Sworn before me this 29th day of March 1832 in open court. E. Scheffeler & Robert Swanton
Reply to letter of inquiry dated May 6, 1931.
You are advised that it appears from the papers in the Revolutionary War pension claim, W. 20834, that John Campbell was born in 1756 in New York City.
While residing in New York City, he enlisted in May, 1776, and served five months as private in Captain Edward Meek’s company, Colonel William Malcolm’s New York regiment, and served one year in the Quartermaster’s Department at Fishkill under Colonel Hughes.
While residing in Bergen County, New Jersey, he enlisted and served with the New Jersey troops, as follows:
From the spring of 1778, one year in Captain Peter Ward’s company, one month in Captain Outwater’s company, and one month in Captain Christie’s Company; from the spring of 1781, three months in Captain William Pennington’s company, Colonel Seeley’s regiment; in 1782, nine months in Captains Herring and Blanch’s company.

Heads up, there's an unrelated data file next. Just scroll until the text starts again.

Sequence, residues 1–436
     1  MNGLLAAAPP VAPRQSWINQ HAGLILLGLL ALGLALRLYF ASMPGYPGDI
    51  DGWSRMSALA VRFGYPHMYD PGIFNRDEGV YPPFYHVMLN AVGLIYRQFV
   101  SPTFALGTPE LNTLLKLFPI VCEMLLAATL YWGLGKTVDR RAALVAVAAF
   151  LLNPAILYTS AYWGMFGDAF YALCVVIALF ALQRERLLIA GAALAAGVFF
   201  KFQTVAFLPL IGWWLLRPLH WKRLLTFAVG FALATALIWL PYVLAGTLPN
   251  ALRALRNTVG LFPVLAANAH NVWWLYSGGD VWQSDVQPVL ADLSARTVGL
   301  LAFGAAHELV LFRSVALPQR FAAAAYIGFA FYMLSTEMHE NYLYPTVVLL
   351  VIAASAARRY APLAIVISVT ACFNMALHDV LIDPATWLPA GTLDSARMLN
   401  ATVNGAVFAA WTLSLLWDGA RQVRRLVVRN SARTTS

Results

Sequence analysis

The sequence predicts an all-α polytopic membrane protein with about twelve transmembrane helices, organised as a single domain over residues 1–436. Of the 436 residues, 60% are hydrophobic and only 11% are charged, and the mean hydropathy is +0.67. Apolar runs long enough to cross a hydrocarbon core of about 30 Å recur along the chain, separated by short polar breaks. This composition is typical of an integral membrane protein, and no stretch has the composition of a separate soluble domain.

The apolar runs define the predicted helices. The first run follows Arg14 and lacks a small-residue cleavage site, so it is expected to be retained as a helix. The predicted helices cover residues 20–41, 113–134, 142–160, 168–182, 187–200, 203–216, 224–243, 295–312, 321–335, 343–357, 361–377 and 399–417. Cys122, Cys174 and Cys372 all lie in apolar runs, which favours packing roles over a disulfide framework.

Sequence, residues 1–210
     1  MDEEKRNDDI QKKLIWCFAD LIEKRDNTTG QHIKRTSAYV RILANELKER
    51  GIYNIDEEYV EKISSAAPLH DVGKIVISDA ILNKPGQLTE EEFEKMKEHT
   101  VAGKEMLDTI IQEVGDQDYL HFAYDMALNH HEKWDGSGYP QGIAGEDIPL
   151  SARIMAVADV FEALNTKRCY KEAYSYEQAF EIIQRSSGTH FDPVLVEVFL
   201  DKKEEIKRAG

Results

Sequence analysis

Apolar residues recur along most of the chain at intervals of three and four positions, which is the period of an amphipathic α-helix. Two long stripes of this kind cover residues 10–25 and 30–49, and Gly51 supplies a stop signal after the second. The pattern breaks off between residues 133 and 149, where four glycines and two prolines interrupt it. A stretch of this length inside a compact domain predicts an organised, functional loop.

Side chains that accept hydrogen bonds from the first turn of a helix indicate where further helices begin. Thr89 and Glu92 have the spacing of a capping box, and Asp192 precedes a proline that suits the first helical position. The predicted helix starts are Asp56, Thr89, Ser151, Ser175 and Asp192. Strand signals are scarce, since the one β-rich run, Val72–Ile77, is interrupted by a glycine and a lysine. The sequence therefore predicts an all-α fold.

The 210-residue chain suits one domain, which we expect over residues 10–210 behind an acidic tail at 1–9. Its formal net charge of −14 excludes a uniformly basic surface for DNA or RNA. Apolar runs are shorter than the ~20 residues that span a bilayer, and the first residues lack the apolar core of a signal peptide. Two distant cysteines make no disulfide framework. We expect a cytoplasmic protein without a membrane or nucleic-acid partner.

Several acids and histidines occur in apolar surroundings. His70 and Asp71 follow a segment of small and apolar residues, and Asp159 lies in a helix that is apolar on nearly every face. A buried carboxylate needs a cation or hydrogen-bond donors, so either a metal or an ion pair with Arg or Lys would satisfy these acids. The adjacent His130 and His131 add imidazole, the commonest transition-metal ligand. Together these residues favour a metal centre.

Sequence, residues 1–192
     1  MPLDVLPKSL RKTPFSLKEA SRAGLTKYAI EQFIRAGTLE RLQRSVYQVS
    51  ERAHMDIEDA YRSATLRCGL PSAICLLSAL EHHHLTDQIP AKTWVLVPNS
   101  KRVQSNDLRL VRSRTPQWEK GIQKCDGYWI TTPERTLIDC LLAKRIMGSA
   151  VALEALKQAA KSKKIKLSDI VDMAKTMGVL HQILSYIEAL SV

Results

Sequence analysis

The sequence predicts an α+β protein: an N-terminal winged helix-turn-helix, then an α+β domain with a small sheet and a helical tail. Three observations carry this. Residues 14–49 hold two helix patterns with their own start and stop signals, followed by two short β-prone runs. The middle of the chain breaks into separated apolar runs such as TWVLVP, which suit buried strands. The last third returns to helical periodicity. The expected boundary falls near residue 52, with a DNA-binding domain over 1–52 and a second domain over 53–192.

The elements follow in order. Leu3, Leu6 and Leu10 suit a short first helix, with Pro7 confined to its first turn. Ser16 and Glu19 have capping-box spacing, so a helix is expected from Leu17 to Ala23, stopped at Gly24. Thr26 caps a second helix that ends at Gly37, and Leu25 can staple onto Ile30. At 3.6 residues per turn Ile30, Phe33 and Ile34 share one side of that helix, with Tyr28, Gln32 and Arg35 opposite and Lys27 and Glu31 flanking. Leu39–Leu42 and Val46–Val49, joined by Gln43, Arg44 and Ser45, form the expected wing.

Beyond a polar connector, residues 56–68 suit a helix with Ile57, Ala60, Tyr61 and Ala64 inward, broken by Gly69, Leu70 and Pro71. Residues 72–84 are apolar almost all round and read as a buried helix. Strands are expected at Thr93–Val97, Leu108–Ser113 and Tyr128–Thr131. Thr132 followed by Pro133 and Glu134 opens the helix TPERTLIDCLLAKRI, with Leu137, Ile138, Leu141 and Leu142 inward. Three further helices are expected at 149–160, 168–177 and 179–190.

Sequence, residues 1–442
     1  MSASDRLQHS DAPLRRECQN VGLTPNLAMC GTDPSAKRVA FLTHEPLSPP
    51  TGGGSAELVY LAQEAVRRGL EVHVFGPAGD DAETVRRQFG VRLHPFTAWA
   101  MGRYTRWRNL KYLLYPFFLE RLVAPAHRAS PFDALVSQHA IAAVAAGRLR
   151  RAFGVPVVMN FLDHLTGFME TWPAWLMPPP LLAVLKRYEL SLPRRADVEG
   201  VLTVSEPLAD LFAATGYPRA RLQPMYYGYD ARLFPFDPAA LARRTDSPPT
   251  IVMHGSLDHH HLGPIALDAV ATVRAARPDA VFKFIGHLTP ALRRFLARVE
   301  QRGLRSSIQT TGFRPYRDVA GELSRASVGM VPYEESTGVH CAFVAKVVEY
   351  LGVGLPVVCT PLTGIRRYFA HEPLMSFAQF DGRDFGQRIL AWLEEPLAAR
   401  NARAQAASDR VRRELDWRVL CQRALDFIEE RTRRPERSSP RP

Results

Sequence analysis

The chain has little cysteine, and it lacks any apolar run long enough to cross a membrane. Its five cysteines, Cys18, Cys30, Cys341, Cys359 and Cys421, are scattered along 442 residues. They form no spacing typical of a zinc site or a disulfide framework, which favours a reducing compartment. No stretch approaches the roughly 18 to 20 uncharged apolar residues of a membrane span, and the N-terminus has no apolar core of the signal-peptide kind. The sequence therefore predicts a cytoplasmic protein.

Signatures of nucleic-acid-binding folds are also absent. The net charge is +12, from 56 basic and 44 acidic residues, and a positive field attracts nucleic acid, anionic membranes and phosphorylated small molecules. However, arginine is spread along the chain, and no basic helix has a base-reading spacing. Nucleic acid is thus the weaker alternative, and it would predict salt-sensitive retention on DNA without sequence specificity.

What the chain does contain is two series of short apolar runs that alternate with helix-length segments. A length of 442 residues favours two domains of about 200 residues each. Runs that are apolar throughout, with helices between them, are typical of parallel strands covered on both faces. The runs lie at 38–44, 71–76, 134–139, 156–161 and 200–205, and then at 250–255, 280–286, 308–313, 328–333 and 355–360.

He was allowed pension on his application executed March 29, 1832, at which time he was living in New York City.
He died November 5, 1835, in New York City.
He married September 9, 1787, in Pompton or Paramus, Bergen County, New Jersey, Catharine Row.
She was allowed pension on her application executed May 24, 1839, at which time she was living in New York City, and was aged sixty-eight years.
She died October 9, 1856.
Their oldest son, John was born June 7, 1788. In 1832 the soldier referred to a daughter and to a grandchild whose names were not stated. A daughter was referred to in 1843 but her name was not given, and there is no further reference to children.
End Notes—John Campbell—W.20834